Bloomquist and colleagues at Virginia Tech, where the project is based, are trying to perfect mosquito-specific compounds that can be manufactured on a large scale and applied to mosquito netting and surfaces where the pests might land.

It will take at least four to five years before the team has developed and tested a compound enough that it’s ready to be submitted for federal approval, Bloomquist said.

The team recently published a study in the journal Pesticide Biochemistry and Physiology comparing eight experimental compounds with commercially available insecticides that target the enzyme.

Though they were less toxic to mosquitoes than commercial products, the experimental compounds were far more selective, indicating researchers are on the right track, he said.

“The compounds we’re using are not very toxic to honeybees, fish and mammals, but we need to refine them further, make them more toxic to mosquitoes and safer for nontarget organisms,” he said.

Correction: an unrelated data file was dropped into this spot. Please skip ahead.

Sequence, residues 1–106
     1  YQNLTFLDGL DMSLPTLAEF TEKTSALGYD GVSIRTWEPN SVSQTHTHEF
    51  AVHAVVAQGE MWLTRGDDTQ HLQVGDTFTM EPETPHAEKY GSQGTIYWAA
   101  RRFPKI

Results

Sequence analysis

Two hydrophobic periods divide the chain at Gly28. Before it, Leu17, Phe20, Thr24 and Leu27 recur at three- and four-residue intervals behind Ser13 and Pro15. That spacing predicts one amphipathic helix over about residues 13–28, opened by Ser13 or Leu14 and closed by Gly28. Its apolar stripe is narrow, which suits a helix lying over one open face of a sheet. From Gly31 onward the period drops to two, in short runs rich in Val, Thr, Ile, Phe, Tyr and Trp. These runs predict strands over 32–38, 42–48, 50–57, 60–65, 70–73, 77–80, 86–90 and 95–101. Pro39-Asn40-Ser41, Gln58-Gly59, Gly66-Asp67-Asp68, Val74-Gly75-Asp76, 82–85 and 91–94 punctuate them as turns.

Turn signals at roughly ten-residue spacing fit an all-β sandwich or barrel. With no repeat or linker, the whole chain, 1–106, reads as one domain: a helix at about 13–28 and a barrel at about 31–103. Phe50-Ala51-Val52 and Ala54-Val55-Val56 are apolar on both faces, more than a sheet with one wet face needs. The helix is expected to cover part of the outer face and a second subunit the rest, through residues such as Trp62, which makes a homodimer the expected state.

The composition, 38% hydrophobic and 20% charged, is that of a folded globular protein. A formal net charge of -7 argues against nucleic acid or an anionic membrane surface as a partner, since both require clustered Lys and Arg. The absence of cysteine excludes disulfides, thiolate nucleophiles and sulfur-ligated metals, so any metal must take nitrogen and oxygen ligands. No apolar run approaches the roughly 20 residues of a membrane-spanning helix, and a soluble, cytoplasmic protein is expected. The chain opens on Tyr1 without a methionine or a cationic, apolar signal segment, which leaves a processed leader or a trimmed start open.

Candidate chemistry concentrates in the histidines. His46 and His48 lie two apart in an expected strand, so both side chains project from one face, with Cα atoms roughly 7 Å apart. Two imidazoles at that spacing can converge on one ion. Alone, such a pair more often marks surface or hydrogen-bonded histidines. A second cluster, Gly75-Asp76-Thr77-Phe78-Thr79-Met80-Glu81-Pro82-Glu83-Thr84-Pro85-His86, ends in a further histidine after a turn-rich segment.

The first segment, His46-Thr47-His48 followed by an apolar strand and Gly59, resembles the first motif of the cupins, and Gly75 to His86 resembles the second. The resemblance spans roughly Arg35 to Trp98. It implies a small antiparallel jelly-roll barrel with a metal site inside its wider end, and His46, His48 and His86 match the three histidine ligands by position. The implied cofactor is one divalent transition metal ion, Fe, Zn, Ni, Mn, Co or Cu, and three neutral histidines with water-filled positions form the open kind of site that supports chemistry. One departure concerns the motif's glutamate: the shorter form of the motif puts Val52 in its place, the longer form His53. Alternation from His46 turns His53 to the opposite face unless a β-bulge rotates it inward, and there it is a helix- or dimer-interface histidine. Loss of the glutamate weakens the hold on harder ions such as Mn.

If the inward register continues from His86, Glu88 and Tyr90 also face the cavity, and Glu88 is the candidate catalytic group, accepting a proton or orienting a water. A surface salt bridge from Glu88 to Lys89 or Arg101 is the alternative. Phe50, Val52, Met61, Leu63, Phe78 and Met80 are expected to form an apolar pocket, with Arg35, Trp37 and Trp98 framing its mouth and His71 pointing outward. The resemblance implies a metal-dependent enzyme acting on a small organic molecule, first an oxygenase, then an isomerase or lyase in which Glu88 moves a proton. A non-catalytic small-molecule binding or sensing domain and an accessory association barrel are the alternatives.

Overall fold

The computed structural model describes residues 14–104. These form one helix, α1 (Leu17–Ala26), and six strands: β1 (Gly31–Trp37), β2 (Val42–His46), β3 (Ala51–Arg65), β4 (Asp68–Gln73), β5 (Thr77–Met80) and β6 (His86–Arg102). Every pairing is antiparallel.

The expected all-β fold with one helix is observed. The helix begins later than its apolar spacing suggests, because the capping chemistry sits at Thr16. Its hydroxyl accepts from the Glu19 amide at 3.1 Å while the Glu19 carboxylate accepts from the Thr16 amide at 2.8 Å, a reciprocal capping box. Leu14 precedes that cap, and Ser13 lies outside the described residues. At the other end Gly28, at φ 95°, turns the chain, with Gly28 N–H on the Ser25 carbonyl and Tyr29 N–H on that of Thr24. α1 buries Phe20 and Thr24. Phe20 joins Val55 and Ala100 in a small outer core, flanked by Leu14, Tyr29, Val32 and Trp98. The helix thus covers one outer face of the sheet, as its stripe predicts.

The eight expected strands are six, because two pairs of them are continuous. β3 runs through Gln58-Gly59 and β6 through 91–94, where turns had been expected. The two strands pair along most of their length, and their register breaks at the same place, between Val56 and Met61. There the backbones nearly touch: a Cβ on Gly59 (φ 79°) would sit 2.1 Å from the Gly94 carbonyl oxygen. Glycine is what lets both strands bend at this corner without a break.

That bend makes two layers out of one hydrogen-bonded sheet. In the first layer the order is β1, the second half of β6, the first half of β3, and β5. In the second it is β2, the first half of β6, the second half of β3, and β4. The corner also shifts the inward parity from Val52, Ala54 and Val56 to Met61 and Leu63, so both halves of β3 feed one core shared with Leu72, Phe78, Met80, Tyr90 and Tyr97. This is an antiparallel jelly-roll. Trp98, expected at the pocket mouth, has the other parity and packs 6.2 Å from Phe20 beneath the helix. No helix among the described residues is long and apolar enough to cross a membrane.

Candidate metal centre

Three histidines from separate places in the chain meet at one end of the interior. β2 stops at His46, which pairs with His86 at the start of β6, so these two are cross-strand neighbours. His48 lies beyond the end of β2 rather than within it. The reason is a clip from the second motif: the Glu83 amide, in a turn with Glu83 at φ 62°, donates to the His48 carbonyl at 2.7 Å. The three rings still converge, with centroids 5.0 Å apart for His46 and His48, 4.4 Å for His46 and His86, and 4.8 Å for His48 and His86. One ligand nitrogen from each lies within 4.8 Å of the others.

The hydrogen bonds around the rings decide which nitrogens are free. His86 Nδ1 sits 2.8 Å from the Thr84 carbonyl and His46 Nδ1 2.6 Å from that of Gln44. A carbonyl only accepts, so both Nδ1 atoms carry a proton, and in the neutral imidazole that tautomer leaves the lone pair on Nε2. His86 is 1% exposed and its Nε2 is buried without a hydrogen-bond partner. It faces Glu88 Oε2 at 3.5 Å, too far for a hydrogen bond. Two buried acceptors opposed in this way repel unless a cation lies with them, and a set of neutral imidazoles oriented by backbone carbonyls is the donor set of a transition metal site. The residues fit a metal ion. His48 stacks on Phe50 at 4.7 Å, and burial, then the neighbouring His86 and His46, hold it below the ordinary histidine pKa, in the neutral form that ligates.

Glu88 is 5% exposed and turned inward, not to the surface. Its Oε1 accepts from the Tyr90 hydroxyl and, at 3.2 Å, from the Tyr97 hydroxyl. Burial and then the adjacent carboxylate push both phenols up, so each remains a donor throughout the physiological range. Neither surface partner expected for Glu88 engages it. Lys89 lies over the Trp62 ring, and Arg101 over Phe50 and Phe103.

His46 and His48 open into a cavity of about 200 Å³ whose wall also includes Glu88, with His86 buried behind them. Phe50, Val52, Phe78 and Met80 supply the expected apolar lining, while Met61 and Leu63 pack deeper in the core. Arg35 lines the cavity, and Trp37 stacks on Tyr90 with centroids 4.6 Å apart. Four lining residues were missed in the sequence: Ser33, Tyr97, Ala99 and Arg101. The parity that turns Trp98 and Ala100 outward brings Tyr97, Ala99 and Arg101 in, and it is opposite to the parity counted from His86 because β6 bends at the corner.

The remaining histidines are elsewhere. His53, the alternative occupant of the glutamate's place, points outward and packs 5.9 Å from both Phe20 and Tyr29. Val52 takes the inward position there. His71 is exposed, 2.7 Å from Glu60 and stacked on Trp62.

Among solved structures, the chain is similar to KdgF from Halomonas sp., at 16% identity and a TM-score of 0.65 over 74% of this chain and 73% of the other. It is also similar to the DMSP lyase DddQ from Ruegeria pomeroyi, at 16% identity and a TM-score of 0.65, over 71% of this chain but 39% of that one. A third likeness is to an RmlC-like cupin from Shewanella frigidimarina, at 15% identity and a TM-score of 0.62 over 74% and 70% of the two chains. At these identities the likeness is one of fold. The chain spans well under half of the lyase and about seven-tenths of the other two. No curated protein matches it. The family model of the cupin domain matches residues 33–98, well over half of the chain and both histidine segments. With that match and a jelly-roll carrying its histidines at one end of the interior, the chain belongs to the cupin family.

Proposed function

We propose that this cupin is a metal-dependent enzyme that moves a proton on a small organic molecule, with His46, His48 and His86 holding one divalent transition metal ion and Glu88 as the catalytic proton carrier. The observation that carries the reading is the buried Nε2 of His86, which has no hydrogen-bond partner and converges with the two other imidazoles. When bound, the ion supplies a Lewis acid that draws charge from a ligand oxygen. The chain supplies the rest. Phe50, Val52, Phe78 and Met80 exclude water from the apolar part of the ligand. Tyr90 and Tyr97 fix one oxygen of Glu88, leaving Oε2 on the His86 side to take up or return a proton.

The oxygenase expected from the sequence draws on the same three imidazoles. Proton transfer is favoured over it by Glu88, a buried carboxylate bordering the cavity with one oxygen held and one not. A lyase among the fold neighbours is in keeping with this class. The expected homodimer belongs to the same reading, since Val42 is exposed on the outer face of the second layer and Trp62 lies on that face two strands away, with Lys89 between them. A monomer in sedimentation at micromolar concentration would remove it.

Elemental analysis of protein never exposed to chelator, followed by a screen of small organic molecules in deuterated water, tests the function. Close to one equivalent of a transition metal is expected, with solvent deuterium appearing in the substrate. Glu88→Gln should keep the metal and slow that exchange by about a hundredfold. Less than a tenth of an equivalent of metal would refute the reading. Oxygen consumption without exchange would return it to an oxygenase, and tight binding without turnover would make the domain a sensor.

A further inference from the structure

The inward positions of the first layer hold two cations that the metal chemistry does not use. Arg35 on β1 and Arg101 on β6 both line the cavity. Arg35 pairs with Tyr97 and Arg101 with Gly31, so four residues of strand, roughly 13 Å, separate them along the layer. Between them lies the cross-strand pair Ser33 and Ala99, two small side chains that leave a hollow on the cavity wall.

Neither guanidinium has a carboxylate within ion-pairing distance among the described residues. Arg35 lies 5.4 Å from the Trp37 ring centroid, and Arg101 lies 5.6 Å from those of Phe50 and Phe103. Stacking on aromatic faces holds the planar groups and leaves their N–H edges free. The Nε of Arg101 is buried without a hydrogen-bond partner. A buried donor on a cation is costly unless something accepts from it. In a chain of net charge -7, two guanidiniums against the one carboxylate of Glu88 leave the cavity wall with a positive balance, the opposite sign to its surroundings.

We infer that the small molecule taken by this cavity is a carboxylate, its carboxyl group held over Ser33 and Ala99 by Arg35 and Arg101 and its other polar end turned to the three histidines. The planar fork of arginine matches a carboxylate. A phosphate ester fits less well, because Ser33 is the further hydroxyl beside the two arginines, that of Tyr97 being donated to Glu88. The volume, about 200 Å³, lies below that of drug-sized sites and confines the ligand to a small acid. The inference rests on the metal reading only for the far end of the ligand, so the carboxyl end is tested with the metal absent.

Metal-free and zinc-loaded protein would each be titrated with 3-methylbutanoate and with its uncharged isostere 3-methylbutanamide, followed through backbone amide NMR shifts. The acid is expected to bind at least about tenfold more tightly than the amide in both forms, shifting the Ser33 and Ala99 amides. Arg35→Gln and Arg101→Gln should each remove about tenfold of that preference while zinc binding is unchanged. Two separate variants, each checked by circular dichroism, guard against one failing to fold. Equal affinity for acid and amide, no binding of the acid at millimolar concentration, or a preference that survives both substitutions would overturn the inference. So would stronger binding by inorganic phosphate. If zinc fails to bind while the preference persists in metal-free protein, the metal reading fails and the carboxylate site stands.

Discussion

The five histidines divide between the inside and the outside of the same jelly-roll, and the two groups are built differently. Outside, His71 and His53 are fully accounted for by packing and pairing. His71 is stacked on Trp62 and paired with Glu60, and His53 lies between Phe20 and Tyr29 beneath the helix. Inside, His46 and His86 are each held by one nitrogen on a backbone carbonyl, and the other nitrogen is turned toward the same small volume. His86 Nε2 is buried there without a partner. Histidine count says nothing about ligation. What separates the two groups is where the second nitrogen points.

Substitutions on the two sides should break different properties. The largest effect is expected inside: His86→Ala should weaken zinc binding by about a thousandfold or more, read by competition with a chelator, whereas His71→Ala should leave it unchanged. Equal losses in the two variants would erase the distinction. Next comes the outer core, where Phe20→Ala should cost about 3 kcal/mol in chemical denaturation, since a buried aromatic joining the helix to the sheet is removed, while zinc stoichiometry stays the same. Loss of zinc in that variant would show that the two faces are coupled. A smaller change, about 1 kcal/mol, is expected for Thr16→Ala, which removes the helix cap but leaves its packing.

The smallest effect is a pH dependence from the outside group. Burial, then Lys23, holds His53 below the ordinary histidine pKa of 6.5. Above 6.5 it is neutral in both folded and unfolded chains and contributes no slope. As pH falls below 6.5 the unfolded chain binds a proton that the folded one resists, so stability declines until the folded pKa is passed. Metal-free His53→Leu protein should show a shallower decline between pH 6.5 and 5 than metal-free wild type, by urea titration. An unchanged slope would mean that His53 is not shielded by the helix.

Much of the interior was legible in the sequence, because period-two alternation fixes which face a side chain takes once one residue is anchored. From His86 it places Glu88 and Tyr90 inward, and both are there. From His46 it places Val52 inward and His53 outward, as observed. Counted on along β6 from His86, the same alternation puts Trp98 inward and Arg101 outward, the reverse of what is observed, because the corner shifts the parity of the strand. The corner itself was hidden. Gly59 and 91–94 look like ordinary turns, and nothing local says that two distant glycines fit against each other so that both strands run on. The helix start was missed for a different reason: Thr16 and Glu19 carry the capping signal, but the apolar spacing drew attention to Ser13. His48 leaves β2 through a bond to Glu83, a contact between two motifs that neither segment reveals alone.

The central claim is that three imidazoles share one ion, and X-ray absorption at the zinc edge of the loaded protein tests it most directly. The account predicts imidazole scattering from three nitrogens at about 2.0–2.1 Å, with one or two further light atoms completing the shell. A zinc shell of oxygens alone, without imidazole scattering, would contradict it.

Funding for the project came from a five-year, $3.6 million grant from the National Institute of Allergy and Infectious Diseases, part of the National Institutes of Health.

In Florida, malaria was a significant problem in the early 20th century, transmitted by native Anopheles mosquitoes. The disease has been greatly curtailed via mosquito-control practices but even today, cases are occasionally reported in the Sunshine State.

Source: Jeff Bloomquist, jbquist@epi.ufl.edu, 352-273-9417
Writer: Tom Nordlie, tnordlie@ufl.edu, 352-273-3567

Tom Nordlie | Newswise
Further information:
http://www.ufl.edu

More articles from Agricultural and Forestry Science:

nachricht Plasma-zapping process could yield trans fat-free soybean oil product
02.12.2016 | Purdue University

nachricht New findings about the deformed wing virus, a major factor in honey bee colony mortality